The discovery of the DAS’ illegal surveillance revealed the precarious state of freedom of the press in Colombia. The confluence of a decades-long leftist insurgence, the rise of right-wing paramilitaries, and the added complication of drug traffickers had already given Colombia a reputation as the most dangerous country in the hemisphere for journalists (a distinction recently ceded to Mexico). Now, it’s becoming clear, journalists can count the government itself among the many dangers they face.
Carlos Lauria, Americas director at the Committee to Protect Journalists (CPJ), says the DAS’ illegal spying is “one of the main problems facing Colombian journalism.” According to the CPJ, at least 73 journalists have been killed in Colombia since 1992. Though murders of journalists have decreased in recent years, “that doesn’t mean that freedom of the press has improved significantly,” according to Lauria. “There’s a lot of self-censorship. There are threats.”
A short, light-skinned man with glasses who wears his closely cropped, grey hair parted to the side, Colombia’s President Álavro Uribe Vélez looks like a mild-mannered bureaucrat. He doesn’t act like one. He gives his speeches with a theatrical trill. He once famously shouted at a government underling accused of corruption, “If I see you, I’m going to punch you in the face, faggot!” in a taped phone call that was dissiminated by the local press.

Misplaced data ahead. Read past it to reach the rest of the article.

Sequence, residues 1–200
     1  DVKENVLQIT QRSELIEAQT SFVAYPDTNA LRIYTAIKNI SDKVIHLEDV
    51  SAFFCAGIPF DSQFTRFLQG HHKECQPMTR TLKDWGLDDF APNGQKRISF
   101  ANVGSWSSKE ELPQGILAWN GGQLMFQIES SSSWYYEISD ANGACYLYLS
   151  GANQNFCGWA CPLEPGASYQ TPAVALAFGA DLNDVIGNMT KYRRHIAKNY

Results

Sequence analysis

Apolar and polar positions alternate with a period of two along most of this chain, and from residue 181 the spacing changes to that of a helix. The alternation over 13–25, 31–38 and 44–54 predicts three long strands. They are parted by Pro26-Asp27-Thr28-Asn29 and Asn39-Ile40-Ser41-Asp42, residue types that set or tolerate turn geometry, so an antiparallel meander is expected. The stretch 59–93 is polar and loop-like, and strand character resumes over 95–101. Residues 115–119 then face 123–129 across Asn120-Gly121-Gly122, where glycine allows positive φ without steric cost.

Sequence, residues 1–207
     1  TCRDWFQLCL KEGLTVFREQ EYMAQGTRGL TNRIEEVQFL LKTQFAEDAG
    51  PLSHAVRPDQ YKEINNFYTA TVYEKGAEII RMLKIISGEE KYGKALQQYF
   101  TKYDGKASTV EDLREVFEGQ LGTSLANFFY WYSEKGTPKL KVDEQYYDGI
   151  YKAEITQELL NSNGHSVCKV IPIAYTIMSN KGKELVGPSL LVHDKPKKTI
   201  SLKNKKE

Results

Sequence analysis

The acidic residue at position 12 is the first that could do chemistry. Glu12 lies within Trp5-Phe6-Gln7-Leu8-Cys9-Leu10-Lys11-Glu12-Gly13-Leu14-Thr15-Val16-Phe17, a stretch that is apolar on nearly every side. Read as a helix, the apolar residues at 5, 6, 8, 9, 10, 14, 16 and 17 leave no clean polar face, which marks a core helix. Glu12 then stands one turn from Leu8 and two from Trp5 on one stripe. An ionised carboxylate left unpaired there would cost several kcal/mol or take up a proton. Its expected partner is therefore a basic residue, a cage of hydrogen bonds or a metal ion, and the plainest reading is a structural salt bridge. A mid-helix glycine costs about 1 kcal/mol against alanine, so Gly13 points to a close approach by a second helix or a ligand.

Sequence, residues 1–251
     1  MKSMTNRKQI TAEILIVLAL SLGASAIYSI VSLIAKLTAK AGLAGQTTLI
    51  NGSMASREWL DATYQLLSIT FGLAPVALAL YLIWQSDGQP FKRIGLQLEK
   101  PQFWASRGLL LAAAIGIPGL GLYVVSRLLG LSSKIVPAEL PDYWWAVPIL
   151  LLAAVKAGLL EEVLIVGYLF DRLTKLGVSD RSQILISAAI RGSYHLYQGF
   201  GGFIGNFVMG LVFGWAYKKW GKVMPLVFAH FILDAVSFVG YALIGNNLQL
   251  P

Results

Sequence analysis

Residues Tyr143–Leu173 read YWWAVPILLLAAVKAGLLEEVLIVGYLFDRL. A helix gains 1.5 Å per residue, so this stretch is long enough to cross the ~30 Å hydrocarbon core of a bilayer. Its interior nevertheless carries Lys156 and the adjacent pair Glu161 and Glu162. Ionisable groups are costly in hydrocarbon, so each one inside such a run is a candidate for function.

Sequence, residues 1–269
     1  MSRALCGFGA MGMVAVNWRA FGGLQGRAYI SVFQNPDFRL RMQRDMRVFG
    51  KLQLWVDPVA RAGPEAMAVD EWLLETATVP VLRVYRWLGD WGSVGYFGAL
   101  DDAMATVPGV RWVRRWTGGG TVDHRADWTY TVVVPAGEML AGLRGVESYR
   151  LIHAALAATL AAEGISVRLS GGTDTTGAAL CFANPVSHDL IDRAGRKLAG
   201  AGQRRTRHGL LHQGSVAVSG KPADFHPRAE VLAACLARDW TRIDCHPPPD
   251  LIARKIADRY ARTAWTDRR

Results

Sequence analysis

Uribe rose to popularity in 2000, promising to attack the Revolutionary Armed Forces of Colombia (FARC, in Spanish), the continent’s last major guerrilla army, more aggressively. He has succeeded.
The Colombian military killed the FARC’s second-in-command, known by his nom de guerre as Raúl Reyes, in an airstrike along the Ecuadorian border in March 2008. The FARC were further debilitated two months later when their leader and founding member, known as Manuel Marulanda, died of a heart attack. An increased military presence, financed largely by more than $6 billion in U.S. aid through a program called Plan Colombia, has made Colombia’s cities and major highways more secure.